C. recurvata 6.jpg
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C. recurvata 10.jpg
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I counted 27 heads on this one!
C. recurvata 4.jpg
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Some had dead heads, or were regrowing from a dead mass.
C. recurvata 8.jpg
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C. recuvata 7.jpg
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C. recurvata 12.jpg
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C. recurvata 11.jpg
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The most badly damaged plants were all on an exposed, south-facing slope, while those on the more sheltered north-facing slope had very few dead heads. Most likely, it was a long period of drought which did the damage. All the new growth looked healthy, so they seem to be recovering. And there were some young plants just getting started!
C. recurvata 9.jpg
C. recurvata 9.jpg (190.91 KiB) Viewed 4825 times

It was a very satisfying hunt for a species I had not seen in the wild before.
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ElieEstephane
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Joined: Tue Dec 13, 2016 12:10 am
Location: Lebanon (zone 11a)

Re: Ruby Road, Arizona

Post by ElieEstephane »

Amazing colonies! C. recurvata is my favorite coryphantha but i find them to be under represented in collections. Please keep posting if you have more photos/other locations.
Would you happen to post elsewhere (instagram, flickr, facebook...)?
There are more cacti in heaven and earth, Horatio, than are dreamt of in your philosophy.
One of the few cactus lovers in Lebanon (zone 11a) :mrgreen:
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Aiko
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Location: the Netherlands

Re: Ruby Road, Arizona

Post by Aiko »

Nice plants. How big where they? About the size of a fist?
keith
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Joined: Wed Jun 12, 2013 3:50 am
Location: S. CA USA

Re: Ruby Road, Arizona

Post by keith »

Nice area and nice pictures I never made it there but someday maybe I will

Interstate 10 and hwy 83 south of Tucson used to have a lot of Erectrocentrus I wonder if they are still there ? farther along there are Echinocereus and Mammillarias, and other kinds of Erectrocentrus.
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Kenizona
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Joined: Mon Aug 05, 2019 2:43 am
Location: Tucson, AZ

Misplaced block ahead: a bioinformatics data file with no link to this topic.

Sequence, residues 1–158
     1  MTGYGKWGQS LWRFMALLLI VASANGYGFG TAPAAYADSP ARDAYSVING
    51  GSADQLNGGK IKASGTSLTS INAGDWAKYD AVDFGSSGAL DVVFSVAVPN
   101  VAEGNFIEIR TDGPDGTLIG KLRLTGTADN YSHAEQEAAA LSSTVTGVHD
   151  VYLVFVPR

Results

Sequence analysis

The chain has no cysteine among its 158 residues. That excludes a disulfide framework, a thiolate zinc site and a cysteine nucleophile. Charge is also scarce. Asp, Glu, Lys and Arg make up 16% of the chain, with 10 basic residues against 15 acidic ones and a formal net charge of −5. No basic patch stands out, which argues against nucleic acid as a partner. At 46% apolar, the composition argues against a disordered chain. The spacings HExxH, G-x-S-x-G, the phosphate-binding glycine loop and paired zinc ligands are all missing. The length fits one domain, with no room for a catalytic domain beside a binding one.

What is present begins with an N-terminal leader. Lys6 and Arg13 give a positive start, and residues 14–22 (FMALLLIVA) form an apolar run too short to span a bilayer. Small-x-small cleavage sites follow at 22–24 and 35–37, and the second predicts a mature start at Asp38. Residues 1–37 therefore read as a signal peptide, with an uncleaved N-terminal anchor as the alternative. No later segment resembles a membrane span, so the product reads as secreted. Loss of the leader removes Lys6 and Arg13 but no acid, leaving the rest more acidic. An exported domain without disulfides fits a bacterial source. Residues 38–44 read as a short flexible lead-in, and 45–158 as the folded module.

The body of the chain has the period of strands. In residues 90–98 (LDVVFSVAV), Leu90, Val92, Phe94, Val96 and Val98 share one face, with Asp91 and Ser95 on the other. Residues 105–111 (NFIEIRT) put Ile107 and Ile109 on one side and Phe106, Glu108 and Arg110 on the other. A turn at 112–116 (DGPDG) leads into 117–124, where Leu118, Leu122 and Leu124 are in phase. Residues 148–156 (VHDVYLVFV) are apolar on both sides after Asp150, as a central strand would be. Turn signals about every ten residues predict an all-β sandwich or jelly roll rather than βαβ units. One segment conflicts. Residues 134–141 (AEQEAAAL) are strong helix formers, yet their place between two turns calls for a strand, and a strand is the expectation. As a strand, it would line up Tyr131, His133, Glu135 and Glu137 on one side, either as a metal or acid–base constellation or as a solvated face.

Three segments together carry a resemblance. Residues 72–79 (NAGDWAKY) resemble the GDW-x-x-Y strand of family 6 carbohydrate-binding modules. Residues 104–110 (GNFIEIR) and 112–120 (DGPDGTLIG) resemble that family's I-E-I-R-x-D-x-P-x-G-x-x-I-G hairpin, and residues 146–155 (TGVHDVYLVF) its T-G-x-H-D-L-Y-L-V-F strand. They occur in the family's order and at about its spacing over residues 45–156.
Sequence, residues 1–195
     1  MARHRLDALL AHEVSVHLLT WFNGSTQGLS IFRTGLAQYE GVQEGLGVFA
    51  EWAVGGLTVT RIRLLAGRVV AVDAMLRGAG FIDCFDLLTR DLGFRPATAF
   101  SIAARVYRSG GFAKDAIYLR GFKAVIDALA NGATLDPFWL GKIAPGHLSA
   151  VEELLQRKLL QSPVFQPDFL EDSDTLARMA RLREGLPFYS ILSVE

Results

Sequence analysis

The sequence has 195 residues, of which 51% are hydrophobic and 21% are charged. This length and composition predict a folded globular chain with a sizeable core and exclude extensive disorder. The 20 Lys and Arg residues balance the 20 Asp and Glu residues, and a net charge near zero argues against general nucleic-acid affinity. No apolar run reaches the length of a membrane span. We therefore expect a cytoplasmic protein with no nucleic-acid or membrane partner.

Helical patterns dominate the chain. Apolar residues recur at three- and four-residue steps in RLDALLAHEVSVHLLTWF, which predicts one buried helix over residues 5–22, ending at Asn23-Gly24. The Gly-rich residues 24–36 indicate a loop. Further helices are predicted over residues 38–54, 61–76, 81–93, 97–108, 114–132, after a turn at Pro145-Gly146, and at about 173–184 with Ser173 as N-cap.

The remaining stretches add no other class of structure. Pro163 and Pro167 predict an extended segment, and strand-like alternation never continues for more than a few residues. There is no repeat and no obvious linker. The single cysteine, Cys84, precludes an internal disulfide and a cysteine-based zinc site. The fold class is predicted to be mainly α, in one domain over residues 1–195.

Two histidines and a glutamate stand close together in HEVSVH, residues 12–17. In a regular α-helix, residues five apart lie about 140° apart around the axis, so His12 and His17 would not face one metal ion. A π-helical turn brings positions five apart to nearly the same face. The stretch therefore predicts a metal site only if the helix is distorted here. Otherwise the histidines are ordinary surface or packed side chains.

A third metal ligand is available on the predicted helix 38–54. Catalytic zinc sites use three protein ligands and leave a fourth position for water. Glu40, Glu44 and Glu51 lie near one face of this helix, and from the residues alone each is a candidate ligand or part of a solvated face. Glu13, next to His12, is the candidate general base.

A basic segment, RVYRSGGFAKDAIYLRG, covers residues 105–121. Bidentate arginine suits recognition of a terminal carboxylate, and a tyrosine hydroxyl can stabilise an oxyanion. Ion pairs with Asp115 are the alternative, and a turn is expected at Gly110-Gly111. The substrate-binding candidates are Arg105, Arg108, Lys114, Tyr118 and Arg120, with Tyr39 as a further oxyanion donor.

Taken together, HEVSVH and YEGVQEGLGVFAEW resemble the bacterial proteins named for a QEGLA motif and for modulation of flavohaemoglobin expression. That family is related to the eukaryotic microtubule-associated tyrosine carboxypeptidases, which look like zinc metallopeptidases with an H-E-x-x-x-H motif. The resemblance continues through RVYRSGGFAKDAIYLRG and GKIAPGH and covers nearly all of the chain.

Re: Ruby Road, Arizona

Post by Kenizona »

Thanks! I really should have put something in at least some of the photos to show scale. They are bigger than I expected. The largest heads are about 7" (18cm) across.
I don't post elsewhere, but I do have another batch of photos from this location I'll put up soon. And I can post photos of other places I've been. Such as that I-10 and rte 83 area. The Echinomastus are still there!
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Kenizona
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Joined: Mon Aug 05, 2019 2:43 am
Location: Tucson, AZ

Re: Ruby Road, Arizona

Post by Kenizona »

Okay, here is the last batch of photos from this site. These are from a slightly higher area, very rocky and with more pinyon pines. Many of the same species were there.


Echinocereus rigidismus
E. rigidismus 6.jpg
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Opuntia santa-rita
O. santa-rita 2.jpg
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Coryphantha recurvata
C. recurvata 13.jpg
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And there were some new ones. There was a Claret-Cup Hedgehog, I think of the type called Echinocereus arizonicus nigrihorridispinus, also known as E. coccineus matudae. Classification of these is so confusing.
E. nigrihorridispinus 1.jpg
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E nigrihorridispinus 2.jpg
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Claret-Cup and Pancake.jpg
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Oh, and what's that on the tree root? Mammillaria heyderi macdougalii!
M. macdougalii 1.jpg
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These became quite common a little further along the road in a wooded streamside area.
M. macdougalii 2.jpg
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M. macdougalii 3.jpg
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M. macdougalii 4.jpg
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The largest were at least 7" (18cm) across, and they often grew in large groups.
M. Mcdougalii 5.jpg
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M. macdougalii 6.jpg
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M. macdougalii 7.jpg
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Right now they are swollen from summer rains, but when dry they shrink down into the soil. Covered with dry grass and dust some would be almost impossible to find.
M. macdougalii 8.jpg
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Here are a couple of babies alongside some Mammillaria grahamii. Down around Tucson M. grahamii is one of the most common cacti, but up here they are the rarity.
Pancake and Pincushion.jpg
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I had a lot of fun on this trip. It is a great place to visit for anyone who loves cacti, or just beautiful scenery!
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TimN
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Joined: Mon Aug 06, 2007 9:01 pm
Location: Phoenix, Arizona USA

Re: Ruby Road, Arizona

Post by TimN »

I don't think I've seen C. recurvata for sale much over the years. I got two of them from Miles in 2009 and they are doing well with half a dozen or so heads. The flowering window on my plants is pretty narrow, you see buds and a few days later you see spent flowers unless you pay attention.
Disclaimer: I'm in sunny Arizona, so any advice I give may not apply in your circumstances.

Tim